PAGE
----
Coronavirus (COVID-19)

Tenancy Law

Tenancy Law for business

Any changes for Private Tenants?

The corona virus and the measures taken by the federal government will not change anything for private tenants. They can use their flat as before and of course have to pay the rent.

Do entrepreneurs still have to pay the rent despite the ban on entering the premises?

As is well known, it is currently prohibited to enter the customer area of business premises of retail and service companies as well as leisure and sports facilities for the purpose of purchasing goods or services or using leisure and sports facilities (with the exception of the companies already mentioned above). Restaurants may not be entered at all.

For this reason, the question arises whether the rent must continue to be paid or whether entrepreneurs can invoke § 1104 f ABGB. According to § 1104 ABGB, no rent or lease is payable if the existing property is not used or cannot be used at all due to extraordinary coincidences. By "extraordinary coincidences" the jurisdiction understands elementary events which cannot be controlled by humans and which massively affect a larger number of people.

In the event of partial incapacity to use the existing property, the rent is to be reduced in accordance with § 1105 ABGB.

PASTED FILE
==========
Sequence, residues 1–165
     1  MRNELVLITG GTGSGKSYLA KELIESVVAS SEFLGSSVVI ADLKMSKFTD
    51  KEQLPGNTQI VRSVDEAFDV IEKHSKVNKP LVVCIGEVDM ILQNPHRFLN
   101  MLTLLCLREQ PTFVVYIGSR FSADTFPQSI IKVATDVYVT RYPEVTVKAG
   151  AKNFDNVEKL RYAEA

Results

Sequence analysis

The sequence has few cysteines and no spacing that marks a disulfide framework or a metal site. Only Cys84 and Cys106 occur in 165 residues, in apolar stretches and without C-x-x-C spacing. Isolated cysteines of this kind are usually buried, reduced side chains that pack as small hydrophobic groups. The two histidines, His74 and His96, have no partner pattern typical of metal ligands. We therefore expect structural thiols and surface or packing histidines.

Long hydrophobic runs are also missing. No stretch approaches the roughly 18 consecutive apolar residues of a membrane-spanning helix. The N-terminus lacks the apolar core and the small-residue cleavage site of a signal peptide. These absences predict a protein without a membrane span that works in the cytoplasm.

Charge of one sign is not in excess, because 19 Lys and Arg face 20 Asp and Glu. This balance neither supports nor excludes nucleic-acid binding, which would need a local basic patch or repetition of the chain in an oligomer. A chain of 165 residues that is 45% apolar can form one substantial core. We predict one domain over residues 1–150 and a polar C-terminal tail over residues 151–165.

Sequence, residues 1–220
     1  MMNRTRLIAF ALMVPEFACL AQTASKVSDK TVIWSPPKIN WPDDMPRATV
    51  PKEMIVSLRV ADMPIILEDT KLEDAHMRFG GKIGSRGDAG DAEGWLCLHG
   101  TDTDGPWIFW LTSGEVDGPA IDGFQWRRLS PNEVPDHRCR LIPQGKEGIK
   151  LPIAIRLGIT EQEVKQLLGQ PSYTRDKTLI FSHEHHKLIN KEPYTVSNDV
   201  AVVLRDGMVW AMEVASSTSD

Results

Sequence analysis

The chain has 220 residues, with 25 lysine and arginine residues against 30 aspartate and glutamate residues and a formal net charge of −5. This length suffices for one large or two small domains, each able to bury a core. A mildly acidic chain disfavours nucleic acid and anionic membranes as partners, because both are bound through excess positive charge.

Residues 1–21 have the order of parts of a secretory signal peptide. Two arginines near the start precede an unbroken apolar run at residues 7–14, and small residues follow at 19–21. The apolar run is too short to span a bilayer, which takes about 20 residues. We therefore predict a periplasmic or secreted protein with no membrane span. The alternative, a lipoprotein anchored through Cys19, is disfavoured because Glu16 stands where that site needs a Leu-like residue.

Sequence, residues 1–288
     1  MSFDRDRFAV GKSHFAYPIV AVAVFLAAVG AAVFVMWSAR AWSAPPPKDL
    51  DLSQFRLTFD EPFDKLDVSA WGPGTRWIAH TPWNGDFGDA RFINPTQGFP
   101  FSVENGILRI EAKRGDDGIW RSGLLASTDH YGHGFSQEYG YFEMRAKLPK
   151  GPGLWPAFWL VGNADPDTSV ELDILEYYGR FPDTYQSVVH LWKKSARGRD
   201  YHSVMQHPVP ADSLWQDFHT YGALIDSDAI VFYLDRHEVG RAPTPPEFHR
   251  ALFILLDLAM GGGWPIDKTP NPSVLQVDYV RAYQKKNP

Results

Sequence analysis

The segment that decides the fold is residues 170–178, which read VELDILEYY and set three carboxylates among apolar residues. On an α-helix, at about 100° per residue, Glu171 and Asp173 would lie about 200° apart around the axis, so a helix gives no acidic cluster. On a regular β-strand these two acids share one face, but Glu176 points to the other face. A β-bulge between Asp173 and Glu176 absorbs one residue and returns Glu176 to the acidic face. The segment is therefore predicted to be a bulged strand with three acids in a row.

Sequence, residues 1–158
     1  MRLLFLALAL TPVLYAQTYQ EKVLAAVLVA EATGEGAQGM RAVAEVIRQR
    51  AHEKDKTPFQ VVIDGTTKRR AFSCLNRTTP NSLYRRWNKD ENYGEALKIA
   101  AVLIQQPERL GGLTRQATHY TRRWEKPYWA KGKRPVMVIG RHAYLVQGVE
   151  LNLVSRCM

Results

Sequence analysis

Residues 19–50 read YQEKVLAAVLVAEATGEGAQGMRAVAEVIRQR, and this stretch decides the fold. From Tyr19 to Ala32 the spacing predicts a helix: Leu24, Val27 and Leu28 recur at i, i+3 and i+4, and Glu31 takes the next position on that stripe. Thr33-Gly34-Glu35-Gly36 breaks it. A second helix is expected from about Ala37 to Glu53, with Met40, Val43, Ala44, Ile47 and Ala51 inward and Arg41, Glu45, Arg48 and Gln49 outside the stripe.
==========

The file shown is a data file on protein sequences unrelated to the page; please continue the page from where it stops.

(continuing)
Although this law has been in force for more than 100 years, there is no relevant case law for the current situation.

To answer this question the following steps should be considered:

  • § S1104 f ABGB, which could be applicable here, is not mandatory law and may be modified or excluded by contract. Therefore, the first step is to check whether or which agreements the contracting parties have made in the rental agreement. If the tenant has undertaken, in the rental agreement, to also bear the risk for extraordinary circumstances not within his sphere of risk and to pay the rent in this case as well, the landlord will be able to refer to this regularly. For this reason alone, a general statement is not possible and would not make sense, because it depends on the circumstances of the individual case. In fact, the rental agreement must be analysed in order to make a meaningful statement. Therefore, statements of several lawyers in the media, which make quite brash statements, should be treated with a lot of caution.
  • Regulation BGBl./II No. 96/2020 governs a ban on entering the customer area to purchase goods, use services or use leisure and sports facilities and was valid for a limited period of one week. This ban on entering the customer area was extended until 13 April 2020.
  • According to the clear wording of the law in this respect, the prerequisite of § 1104 ABGB is that the existing object cannot be used or utilized at all. The current temporary ban on entering the property leads to a considerable restriction of the usability of the existing property, but most likely not to the fact that the property cannot be used at all. The ban on entering the premises is directed against the entrepreneur. The violation of this provision by the entrepreneur is punishable by a fine of up to EUR 30,000.00. A completely, non-emotional analysis of the provision could accordingly lead to the conclusion that the existing property is not completely unusable and therefore § 1104 ABGB is not applicable.